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Developer Tale

Playing the Odds

Randy Read and Phaser

University of Cambridge, UK

Published May 19, 2011

Beta-lactamase disarms penicillin, breaking it down before it can do its antibacterial work. But the beta-lactamase inhibitor protein, BLIP, interferes, paving the way for penicillin to do its work.

Exactly how is no longer a mystery. The complex of beta-lactamase and BLIP was solved, painfully, long ago. “It took Natalie Strynadka”—now at the University of British Columbia—“a couple of years to solve,” says Randy Read, professor of hematology at the University of Cambridge and lead developer of Phaser, a structural biology software tool. “Today it's something that can be solved by one of Phaser's tutorials in five minutes.”

One problem with the old, painful methods, was signal-to-noise. Researchers had already solved the structures of both molecules and they could find the beta-lactamase in the crystal of the complex. But that protein, being twice as large as it's inhibitor, overshadowed the tiny BLIP.

Phaser, however, uses probabilistic methods to keep track of what the beta-lactamase component has already explained in the data. “All we have to do is explain what's unexplained by orienting the BLIP component,” says Read. “It increases the signal-to-noise ratio considerably.”

This concept underlies Phaser, which integrates with both CCP4 and Phenix, and uses statistical methods to select and place models for solving structures by molecular replacement. These methods provide more sophisticated algorithms than a black and white selection or rejection of models that agree well or do not. “We're able to deal in a nice, smooth way with models of different quality,” says Read. As a result, Phaser allows the solution of structures with poorer models than possible with older technology.

Phaser was recently put to work in an SBGrid project that employed its grid computing resource to search the protein database and try thousands of different models to find the best possible starting point. This procedure, published in 2010 in the Proceedings of the National Academies of Science, was effective but slow. “It required that the full set of calculations be run on every possible choice in the database even if the first choice gave a clear solution,” says Read. The latest version of Phaser recognizes the first clear solution immediately.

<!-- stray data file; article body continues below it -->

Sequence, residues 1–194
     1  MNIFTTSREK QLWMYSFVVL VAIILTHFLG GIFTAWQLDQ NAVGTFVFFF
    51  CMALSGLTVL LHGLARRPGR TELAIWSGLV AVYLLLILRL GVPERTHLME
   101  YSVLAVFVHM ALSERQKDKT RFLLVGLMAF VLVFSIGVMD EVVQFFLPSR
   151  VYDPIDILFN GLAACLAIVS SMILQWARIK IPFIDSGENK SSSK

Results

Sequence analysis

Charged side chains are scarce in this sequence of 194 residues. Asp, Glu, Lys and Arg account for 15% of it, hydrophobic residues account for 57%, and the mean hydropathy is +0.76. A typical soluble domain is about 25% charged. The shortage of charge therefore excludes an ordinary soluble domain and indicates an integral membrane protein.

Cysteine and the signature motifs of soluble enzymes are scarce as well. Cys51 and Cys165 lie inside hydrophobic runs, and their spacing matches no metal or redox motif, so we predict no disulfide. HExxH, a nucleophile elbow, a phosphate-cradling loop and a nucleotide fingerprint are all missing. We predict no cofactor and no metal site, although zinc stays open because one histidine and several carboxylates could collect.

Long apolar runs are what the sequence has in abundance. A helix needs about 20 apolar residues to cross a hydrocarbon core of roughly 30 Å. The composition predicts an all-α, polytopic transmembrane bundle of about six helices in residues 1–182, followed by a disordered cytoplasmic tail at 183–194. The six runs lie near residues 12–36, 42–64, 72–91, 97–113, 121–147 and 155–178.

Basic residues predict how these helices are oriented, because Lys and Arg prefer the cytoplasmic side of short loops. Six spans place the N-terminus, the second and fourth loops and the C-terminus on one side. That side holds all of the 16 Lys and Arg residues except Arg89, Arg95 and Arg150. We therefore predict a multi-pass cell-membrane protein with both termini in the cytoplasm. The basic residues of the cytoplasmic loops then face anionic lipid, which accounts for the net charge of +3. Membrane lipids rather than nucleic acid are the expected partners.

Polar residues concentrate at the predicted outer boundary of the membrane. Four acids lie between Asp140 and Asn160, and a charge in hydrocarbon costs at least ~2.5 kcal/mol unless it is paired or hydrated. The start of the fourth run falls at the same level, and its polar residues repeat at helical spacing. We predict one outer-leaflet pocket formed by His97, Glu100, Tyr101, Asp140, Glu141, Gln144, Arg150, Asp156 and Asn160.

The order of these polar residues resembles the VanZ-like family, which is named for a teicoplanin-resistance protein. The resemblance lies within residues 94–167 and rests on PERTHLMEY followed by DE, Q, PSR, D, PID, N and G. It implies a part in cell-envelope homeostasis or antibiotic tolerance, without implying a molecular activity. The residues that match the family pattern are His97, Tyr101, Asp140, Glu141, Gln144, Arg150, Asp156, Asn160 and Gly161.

There are many approaches to using Phaser and many possible stumbling blocks. For this reason, Read maintains the Phaser Wiki (http://www.phaser.cimr.cam.ac.uk/index.php/Phaser_Crystallographic_Software), which includes a FAQ, troubleshooting information, and a section where users can share their own success stories and strategies for using Phaser.

As an example, Read himself recently used Phaser in a creative way to solve the structure of human angiotensinogen, a protein involved in regulating blood pressure. The human angiotensinogen electron density maps were not good enough to finish a complete model. “We got hold of rat and mouse angiotensinogens and developed some new tricks to use the density from one crystal to solve the structure in another crystal,” says Read. The process, which required sophisticated knowledge of Phaser, is something Read is folding into the program for anyone to use automatically.

This is the beauty of technologies as they mature. “The expertise gets concentrated in the instruments and in the people who make programs for the instruments,” says Read. “That frees up the people who use those techniques to become sophisticated in something else.”

– Elizabeth Dougherty